NEW YORK (
-- Corporate earnings are looking pretty good so far in this relatively young earnings season, and that's raising analyst expectations.
data, with 30% of the S&P 500 having reported their results through Friday, Wall Street is now looking for blended quarterly earnings growth of 15.5% from the companies comprising the broad equity index. The blended growth estimate includes reported results as well as consensus estimates.
That percentage is up from an expectation for 13% growth on April 1, reflecting how well the numbers have come in so far as 75% of the companies reporting have topped the average analysts' view to date. The bullishness is also raising the bar for the second quarter as Wall Street now sees growth of 14.7% for the June-ending period vs. 13.3% as of April 1.
The pace picks up on Tuesday with
due to report.
Ford is slated to deliver its numbers before the open, and the average estimate of analysts polled by
is for a profit of 50 cents a share in the quarter on revenue of $29.7 billion. After beating estimates for four straight quarters, Ford missed badly last time around, so there is some pressure on Alan Mulally & Co.
The expectation is that the impact of the earthquake/tsunami disaster in Japan won't be felt this time around but rather in the next quarter. Still Ford just announced it was suspending work at plants in Taiwan, South Africa and China because of a shortage of parts resulting from the situation in Japan, so Wall Street will want more color on that.
For now, option volatility in Ford is low and the stock is only 10% above last year's peak in April. The company will face rising commodity costs for its factories and a consumer under pressure at the gas pumps, but it seems to be in good shape to weather those headwinds.
Dow component Coca-Cola also reports before the market opens and is expected to have Japanese exposure. However the company could offset some of those problems with positive currency movements and insurance.
Market watchers will also be looking for inflation hits after seeing
guide down because of rising paper and petroleum costs. Coca-Cola could talk about raising prices for consumers.
analyst Erin Smith thinks that the shares are undervalued and could reach $68. She says that combined with the dividend that implies a risk-adjusted total return of 17%.
Another blue chip, 3M is also out in the a.m. The company hosted an analyst day in March giving great detail on its product development and growth goals, but little with regards to updates on the quarter. The company will face difficulties in its raw materials and may have been affected by Japan as well. However, 3M is also doing very well in Latin America and the growth is going to come from emerging markets.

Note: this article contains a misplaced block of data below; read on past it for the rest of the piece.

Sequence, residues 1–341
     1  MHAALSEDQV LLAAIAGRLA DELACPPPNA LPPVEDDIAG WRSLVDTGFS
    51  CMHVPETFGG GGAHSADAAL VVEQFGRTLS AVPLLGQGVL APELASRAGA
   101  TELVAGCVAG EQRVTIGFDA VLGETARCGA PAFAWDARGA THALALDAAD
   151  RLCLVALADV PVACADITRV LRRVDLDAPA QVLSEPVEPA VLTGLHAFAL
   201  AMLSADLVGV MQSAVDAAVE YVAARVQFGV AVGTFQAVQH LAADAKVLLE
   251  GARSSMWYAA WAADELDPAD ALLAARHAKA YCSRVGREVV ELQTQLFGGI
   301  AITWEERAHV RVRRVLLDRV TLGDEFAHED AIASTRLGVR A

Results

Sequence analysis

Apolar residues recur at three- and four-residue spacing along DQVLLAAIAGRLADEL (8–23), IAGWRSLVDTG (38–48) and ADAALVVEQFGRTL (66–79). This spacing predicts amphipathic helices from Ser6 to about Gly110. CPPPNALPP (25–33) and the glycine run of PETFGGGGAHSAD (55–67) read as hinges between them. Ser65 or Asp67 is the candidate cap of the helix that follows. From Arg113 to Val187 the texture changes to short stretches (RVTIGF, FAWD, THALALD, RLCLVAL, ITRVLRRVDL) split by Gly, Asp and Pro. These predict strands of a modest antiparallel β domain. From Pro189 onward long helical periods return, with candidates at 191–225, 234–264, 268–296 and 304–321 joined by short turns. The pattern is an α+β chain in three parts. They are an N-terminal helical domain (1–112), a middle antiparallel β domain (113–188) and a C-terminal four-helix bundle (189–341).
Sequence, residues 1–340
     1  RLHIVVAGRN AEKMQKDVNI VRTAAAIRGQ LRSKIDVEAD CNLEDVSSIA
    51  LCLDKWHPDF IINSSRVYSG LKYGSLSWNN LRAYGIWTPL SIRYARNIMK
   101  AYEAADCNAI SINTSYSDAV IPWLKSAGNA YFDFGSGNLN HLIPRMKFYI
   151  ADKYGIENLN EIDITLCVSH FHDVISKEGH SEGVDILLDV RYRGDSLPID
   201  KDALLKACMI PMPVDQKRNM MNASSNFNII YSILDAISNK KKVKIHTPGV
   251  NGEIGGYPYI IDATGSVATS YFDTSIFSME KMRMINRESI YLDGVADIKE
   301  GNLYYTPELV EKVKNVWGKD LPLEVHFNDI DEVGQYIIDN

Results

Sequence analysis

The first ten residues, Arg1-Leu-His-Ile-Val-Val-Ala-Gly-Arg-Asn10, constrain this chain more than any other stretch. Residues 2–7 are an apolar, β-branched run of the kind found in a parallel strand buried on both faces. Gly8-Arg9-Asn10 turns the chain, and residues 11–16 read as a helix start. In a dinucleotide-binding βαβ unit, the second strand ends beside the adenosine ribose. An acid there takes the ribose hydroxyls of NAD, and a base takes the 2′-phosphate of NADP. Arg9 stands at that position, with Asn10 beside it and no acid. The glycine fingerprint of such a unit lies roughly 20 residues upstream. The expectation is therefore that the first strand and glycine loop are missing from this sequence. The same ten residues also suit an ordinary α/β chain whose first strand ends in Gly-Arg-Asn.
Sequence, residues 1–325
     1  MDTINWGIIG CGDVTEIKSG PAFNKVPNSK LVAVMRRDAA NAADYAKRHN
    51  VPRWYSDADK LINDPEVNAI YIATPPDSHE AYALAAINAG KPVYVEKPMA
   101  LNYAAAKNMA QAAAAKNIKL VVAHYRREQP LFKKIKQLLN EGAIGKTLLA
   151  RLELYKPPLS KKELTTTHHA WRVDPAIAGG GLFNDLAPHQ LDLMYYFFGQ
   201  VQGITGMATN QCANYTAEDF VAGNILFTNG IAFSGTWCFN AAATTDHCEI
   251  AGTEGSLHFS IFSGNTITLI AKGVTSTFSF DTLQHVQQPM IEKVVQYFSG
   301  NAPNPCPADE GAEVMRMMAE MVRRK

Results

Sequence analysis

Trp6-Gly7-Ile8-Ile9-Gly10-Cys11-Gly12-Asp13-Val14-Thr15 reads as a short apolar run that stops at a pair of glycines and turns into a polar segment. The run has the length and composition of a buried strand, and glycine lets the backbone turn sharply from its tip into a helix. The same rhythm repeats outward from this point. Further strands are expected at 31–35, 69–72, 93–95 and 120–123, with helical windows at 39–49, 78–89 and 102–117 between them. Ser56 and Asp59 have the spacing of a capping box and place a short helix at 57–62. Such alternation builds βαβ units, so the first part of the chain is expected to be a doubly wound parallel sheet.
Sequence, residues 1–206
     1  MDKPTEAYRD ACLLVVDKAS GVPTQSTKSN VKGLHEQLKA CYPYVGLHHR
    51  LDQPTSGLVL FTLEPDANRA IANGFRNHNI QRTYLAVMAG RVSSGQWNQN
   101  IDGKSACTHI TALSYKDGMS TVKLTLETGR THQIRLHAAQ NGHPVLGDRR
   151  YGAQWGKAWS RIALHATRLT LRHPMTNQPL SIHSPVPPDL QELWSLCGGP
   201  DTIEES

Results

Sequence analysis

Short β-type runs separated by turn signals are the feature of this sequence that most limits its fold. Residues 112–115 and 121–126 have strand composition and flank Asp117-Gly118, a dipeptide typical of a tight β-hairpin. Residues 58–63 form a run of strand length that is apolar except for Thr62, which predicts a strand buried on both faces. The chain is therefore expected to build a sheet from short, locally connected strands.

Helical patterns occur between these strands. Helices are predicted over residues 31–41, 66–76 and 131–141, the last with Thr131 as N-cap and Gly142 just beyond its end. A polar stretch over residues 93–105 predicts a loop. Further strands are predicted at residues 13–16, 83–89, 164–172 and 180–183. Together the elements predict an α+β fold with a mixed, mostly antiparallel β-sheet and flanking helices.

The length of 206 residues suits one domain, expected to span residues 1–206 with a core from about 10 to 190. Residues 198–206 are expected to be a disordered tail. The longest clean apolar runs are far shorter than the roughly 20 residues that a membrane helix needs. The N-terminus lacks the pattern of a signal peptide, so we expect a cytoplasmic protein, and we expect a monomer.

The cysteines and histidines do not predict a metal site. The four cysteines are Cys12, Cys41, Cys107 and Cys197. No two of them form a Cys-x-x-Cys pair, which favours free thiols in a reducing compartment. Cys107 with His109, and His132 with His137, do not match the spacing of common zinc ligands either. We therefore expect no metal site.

Wall Street is looking for earnings of $1.44 a share on revenue of $6.95 billion from 3M in the quarter, and the stock has risen 6.4% so far in 2011.
is also expected to have be affected by the earthquake, but it remains to be seen as how much. The handbag giant is still focused on China and growing its business in that market.
has a buy rating and has not changed its long-term positive view on the stock.
After the market closes is retail giant Amazon and investors will be watching for squeezed profit margins. Amazon is spending big bucks to get shoppers, so expect the company to tout sales over profits.
The consensus estimate is for earnings of 61 cents a share on revenue of $9.53 billion. If Amazon can't deliver a high enough revenue figure, the market will probably sell off the stock.
Elsewhere the Case-Shiller housing price index is due at 9:00 a.m. ET and the Conference Board's consumer confidence number follows at 10 a.m. ET. The read on how consumers are feeling could get more attention after the index fell 8.6 points to 63.4 in March, erasing two months of improvement.
Wall Street is looking for an increase to 64.4 in April, according to
, but that could be a challenging proposition as Middle East unrest and higher prices for gas and food are beginning to make consumers nervous. Also, a new
New York Times
survey said the number of Americans becoming more pessimistic had risen quite bit.
The Case-Shiller index, which is a read on price trends in 20 cities across the nation, is expected to show an overall decline of 3.2%.
The market was
on Monday, and a disappointing outlook from
over the after-hours session.
And finally, the Federal Open Markets Committee begins a two-day meeting on interest rates on Tuesday. The groundwork to eventually tighten has been laid out but the timing remains murky, and the chatter about how to proceed when the $600 billion bond-buying program known as QE2 wraps up in June is only going to get louder from here.
The big event will be the press conference to be held after the Fed's decision on Tuesday by Chairman Ben Bernanke. The appearance represents a historic move to improve transparency and has the chance to provide some great theater.
Written by Debra Borchardt in New York
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